The WordPress open source/free software project has contributors from all over the world who work on code, provide support, do translations, organize events, write documentation, review plugins and themes, and many other tasks that make the project what it is. These contributors are grouped into project teams, and each team has a site on the make.wordpress.org network to communicate about the work they’re doing. Each team should elect two team reps to represent the team to the rest of the project, make sure issues are raised and addressed as needed, and coordinate cross-team efforts.

Current Team Reps

Accessibility@rianrietveld, @joedolson, and @afercia

CLI: @danielbachhuber and @schlessera

Community: @francina and @hlashbrooke

Core: @jeffpaul, @helen

Design: @melchoyce, @karmatosed, @joen, @michaelarestad

Documentation: @kenshino

Flow: @designsimply

Hosting: @mikeschroder

Marketing: @rosso99

Meta (WordPress.org Site): @samuelsidler

Mobile: @astralbodies, @rachelmcr

Plugins: @ipstenu

Polyglots: @petya, @ocean90, @nao@chantalc, @deconf, @casiepa

Support: @macmanx

Themes@jcastaneda@grapplerulrich

Training: @bethsoderberg

TV: @jerrysarcastic, @roseapplemedia

Team Rep Orientation

Since anyone who is an active contributor on a team can be elected as team rep, team reps will often have different levels of familiarity with other areas of the project, communication protocols, and general processes. To get everyone’s expectations in the same place, here’s the “job description” for team reps.

The Title

Often, Team Reps are the people who would be labeled Leads if we had that designation, but please avoid calling people Team Lead rather than Team Rep. There are be many cases where the team reps will not be the same people that are considered “Leads” (a title we only have on core team right now, but could discuss for others if people think it’s useful), so being careful with language now will prevent confusion later.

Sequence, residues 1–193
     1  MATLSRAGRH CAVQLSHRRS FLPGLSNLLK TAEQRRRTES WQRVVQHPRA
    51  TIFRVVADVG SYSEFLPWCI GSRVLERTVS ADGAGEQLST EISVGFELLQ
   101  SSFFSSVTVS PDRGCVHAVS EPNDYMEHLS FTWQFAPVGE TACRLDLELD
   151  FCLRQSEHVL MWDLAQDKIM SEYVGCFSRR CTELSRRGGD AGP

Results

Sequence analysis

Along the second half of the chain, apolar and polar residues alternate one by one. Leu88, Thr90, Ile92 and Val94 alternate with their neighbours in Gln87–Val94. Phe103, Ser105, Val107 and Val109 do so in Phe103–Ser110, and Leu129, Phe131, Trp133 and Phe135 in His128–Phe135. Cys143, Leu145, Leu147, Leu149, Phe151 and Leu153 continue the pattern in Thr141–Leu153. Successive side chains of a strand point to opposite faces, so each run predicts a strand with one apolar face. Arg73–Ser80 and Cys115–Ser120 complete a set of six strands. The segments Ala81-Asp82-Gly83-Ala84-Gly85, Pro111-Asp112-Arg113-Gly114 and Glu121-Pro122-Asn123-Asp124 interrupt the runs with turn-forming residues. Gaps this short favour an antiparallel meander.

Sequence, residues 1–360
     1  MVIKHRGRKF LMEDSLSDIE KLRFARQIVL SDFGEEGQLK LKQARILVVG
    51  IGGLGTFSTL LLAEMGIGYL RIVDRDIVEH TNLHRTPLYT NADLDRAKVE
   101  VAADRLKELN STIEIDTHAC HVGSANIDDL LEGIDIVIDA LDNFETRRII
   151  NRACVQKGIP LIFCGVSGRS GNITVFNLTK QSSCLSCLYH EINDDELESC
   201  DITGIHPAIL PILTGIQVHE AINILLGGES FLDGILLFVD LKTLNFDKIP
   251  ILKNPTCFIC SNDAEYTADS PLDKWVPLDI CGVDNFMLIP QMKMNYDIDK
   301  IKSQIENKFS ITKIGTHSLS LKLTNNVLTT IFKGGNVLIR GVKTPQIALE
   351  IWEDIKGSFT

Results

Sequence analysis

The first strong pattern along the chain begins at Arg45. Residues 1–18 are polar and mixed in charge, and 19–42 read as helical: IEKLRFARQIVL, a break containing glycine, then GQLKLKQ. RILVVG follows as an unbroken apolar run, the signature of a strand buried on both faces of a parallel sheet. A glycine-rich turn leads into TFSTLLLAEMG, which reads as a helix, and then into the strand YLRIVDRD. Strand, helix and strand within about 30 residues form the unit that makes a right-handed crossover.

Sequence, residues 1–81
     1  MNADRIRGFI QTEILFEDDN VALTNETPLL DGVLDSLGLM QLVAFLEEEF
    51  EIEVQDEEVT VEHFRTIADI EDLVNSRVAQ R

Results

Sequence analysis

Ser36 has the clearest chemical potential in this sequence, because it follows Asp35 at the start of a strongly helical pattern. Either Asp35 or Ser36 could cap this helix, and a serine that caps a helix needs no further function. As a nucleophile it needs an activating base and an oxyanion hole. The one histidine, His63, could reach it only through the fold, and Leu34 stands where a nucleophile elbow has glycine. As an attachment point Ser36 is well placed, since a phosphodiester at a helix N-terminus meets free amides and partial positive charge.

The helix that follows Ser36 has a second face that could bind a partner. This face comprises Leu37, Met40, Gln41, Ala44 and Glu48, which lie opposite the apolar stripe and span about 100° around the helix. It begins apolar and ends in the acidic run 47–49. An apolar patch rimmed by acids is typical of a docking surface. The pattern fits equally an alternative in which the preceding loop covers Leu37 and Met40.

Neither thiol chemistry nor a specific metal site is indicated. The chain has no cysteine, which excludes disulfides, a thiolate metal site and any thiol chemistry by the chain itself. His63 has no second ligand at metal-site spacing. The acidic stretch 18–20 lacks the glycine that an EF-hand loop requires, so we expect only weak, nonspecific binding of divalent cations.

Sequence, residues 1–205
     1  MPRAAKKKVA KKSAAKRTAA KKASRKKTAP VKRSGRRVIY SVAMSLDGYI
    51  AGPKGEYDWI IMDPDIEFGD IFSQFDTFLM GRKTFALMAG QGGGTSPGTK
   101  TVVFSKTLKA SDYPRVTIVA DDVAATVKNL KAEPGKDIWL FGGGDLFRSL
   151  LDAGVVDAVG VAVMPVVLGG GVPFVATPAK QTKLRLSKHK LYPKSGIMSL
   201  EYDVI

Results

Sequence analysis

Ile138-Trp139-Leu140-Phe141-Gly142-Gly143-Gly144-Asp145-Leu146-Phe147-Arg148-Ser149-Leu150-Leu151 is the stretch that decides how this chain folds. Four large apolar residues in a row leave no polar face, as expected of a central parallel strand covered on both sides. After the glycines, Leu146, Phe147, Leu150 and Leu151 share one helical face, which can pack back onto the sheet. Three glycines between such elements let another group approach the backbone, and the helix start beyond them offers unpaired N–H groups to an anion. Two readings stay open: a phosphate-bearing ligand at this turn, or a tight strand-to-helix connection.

Team Rep is a leadership role that is mostly administrative in nature; it is not a Lead role. Letting go of the Team Rep title is not a loss of status, just a handing off of responsibilities. Someone who is a leader in a team can lead whether they are doing the team rep job or not.

Rep Responsibilities

  • There are two Team Reps. The intent is that one will take responsibility for the duties during the first half of the term while the other provides backup, and that in the 2nd half of the term, the backup rep will take the primary responsibility. This means about 3 months  learning the ropes, and about 3 months as the primary team rep.
  • The primary Team Rep is responsible for posting a weekly update of the team’s activity to the make.wordpress.org/updates blog, as well as raising any issues or red flags that other teams should be aware of or discussing. A schedule is posted on that blog, with each team assigned a specific day. If the day assigned to your team is inconvenient, contact Jane to get it changed. If the primary Team Rep can’t post the update, the backup rep needs to make it happen. If a team misses one update, an email reminder will be the result. Missing two updates will result in a warning. Missing three updates will cause your availability/dedication to the role to be questioned, and you may be removed from the Team Rep role.